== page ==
13th Burnham Art Trail
Saturday 24th June to Sunday 2nd July 2017
Geoffrey Earl Wickham Retrospective Exhibition
Saturday 1, Sunday 2 July 11am to 5pm
Sculptor and Painter, Fellow of Royal British Sculptors Society
July 10 1919 to March 17 2005
Geoffrey Earl Wickham moved to Burnham in November 1986, he had been familiar with the area visiting regularly to see his two sons in Tollesbury. Whilst visiting London for an eye operation and staying with his son Peter he was told about a Methodist Chapel for sale in Burnham-on-Crouch. The following morning he and his wife Aki came to see it, Geoffrey decided to buy it on the spot simply because the space was large enough for him to use his favourite tall easel which had been in storage for many years.
Geoffrey was born in Wembley, Middlesex as a child he showed a visual curiosity in everything and a talent for art and went on to attended the Willesden School of Art followed by a period in a commercial studio until the 2nd World War. He joined the Forestry Commission before moving to the NCC Pioneer Corps and the Royal Army Ordnance Corps. He subsequently served with REME radar in North Africa and Italy, transferring in 1945 to the Royal Army Education Corps with the Queen’s Own Cameron Highlanders in Austria and Italy. Leaving the services in 1946, Geoffrey took with him dozens of drawings of fellow soldiers, scenes from army life and continental landscapes, some of which where later purchased by the National Army museum. His experience with the complex diagrams of radar circuitry reappeared in his experimental artwork in the 1950’s and 1960’s.
After demob he gained a place on the postgraduate course at The Royal College of Art and was awarded his ARCA in Fine Art in 1949.
In 1951 he became senior lecturer in the visual studies department in the School of Architecture at Regent Street Polytechnic (now University of Westminster). He stayed for 21 years, teaching student architects drawing, spatial design and the use of colour; he established a team of artists from diverse fields within the school to support the teaching process.
In 1965 he was elected an Associate of the Royal Society of British Sculptors and he became a Fellow in 1967. Geoffrey was awarded the RBS Silver Medal for the “Most Distinguished Sculpture in London” for his Fountain Head commissioned by (and stands behind) Sotheby’s in Belgravia.
In 1970 Geoffrey became Principal lecturer in charge of Fine and Applied Art at Sir John Cass School of Art a faculty of the City of London Polytechnic (now Metropolitan University) until his retirement in 1982.
His teaching philosophy encouraged experimentation, encouraging the interaction between artists and scientists championing inter-disciplinary study encouraging students to look study and experiment.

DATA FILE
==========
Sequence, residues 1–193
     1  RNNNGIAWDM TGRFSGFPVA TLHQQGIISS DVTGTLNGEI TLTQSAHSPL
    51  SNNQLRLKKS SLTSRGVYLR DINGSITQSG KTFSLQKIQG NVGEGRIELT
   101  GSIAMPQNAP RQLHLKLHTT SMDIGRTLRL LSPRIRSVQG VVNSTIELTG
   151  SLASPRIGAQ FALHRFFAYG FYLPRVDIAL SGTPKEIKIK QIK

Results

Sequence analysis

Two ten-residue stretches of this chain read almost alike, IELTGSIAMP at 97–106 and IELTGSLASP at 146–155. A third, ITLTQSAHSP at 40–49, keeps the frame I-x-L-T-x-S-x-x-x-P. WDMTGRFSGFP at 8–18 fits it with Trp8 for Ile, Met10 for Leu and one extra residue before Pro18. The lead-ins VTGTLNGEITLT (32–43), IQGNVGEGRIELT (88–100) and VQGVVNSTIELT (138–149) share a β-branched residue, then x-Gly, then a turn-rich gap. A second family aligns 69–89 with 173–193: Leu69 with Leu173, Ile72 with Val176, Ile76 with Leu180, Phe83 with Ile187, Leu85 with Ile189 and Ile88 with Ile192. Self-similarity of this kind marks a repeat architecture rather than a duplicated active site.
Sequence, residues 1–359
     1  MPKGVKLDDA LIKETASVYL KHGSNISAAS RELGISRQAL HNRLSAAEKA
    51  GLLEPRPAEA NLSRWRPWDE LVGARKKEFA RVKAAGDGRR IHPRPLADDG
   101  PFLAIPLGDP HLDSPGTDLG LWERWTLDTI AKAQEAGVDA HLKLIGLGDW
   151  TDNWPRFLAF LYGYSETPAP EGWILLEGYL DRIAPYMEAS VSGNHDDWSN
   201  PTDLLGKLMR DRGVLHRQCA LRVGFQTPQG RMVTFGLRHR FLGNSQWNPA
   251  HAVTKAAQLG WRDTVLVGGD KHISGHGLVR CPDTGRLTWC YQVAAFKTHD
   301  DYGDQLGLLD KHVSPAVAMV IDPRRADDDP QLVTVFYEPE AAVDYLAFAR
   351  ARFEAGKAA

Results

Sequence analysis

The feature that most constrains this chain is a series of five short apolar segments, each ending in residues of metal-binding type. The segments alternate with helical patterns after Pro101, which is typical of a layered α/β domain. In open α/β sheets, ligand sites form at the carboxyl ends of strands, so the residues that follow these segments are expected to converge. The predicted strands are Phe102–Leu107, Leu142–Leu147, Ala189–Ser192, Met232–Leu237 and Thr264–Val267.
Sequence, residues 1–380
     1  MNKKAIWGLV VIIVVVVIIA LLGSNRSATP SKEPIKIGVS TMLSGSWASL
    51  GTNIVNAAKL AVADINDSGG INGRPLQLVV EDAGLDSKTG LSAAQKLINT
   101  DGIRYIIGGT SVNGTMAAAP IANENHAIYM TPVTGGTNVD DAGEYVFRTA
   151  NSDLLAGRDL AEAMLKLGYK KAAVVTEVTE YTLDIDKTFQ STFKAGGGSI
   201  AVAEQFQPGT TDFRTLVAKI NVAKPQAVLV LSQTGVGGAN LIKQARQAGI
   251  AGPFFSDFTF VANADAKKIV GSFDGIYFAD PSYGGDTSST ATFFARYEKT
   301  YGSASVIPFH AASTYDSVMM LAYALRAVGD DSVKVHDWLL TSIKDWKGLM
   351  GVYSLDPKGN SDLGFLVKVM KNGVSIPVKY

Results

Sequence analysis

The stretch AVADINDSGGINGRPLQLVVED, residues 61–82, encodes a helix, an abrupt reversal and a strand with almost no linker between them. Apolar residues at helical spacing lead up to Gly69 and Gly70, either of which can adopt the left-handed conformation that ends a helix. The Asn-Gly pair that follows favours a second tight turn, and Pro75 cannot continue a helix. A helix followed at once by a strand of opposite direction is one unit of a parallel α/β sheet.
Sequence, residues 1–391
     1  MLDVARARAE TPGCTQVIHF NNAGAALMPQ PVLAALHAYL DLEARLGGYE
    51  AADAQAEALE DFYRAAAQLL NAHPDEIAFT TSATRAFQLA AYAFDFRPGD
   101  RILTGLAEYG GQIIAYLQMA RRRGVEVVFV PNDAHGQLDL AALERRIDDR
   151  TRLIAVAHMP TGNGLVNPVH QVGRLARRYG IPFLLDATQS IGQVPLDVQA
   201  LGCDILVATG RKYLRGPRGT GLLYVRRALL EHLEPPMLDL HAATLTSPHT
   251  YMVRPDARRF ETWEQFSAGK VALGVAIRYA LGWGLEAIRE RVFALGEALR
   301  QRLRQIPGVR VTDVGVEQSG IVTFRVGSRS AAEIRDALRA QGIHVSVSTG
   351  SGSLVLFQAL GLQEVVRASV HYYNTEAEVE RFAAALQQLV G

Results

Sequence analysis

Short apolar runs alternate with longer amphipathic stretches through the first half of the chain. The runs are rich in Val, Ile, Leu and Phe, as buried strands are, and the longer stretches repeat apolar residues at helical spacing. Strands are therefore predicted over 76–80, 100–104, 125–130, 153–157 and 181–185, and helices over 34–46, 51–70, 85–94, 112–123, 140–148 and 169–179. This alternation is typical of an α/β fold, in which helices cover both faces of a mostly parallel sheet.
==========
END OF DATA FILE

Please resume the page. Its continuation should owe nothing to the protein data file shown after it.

From the early 1960s Geoffrey was increasingly commissioned to produce sculptures for buildings both in the UK and abroad often working in close collaboration with architects. His work, formed using clay for bronze casting, heat formed polystyrene for aluminium casting and ceramics, concrete and fibreglass. The work can be seen in offices in Ludgate Hill and Motcombe Street, London. Also in Sutton, Egham, France, Germany, Bahrain and Lagos, other examples are held in private collections.
In 1981 Geoffrey met Akiko Fujikawa, they married in Kyoto Japan where they lived for the next four years. Geoffrey explored Japanese art and changed his outlook on life and art. He spent his time painting, woodblock printing, sculpting, exhibiting and lecturing and being a student of Japanese art.
Geoffrey and Aki moved to Burnham setting up the studio and continuing to work, and exhibit. He produced sensitive and spontaneous sumi-e drawings in ink, capturing the spirit and vitality of life with minimal expressive gestures, and some terracotta sculptures.
1989 One man show Town Council, Hattingen Germany
1991 Touring Two Man Show with Aki Fujikawa: Nermarkka Museum, Aljarvi
Jakobstad Museum, Jakobstad KH Redlunds Museum, Kokkola Finland
1993 Two Man Show with Aki Fujikawa, Beecroft Gallery, Southend-on-Sea, England
1993 Elected member of Arms Forces Art Society, London.
Tragically in December 1995 Geoffrey lost his eyesight overnight being declared blind the following year. However, with a hand made monoscope, which had a tiny hole, he could detect something in front of him and he continued to work.
Geoffrey found a helper in David Reading who helped Geoffrey to create a large papier-mâché sculpture. But he still could not see to paint. Then Greta Levins became Geoffrey’s helper. Greta became his eyes and hands, and with her help Geoffrey continued to work producing a series of abstract paintings.
Geoffrey had a lust for life and a passion for his work he worked up to being admitted to hospital six weeks before he died, aged 85.
1998 Two man Show with Aki Fujikawa: Burnham-on-Crouch Museum England
1999 Daiwa Anglo Japanese Foundation, London, England
2003 Retrospective Exhibition Chelmsford Museum, England.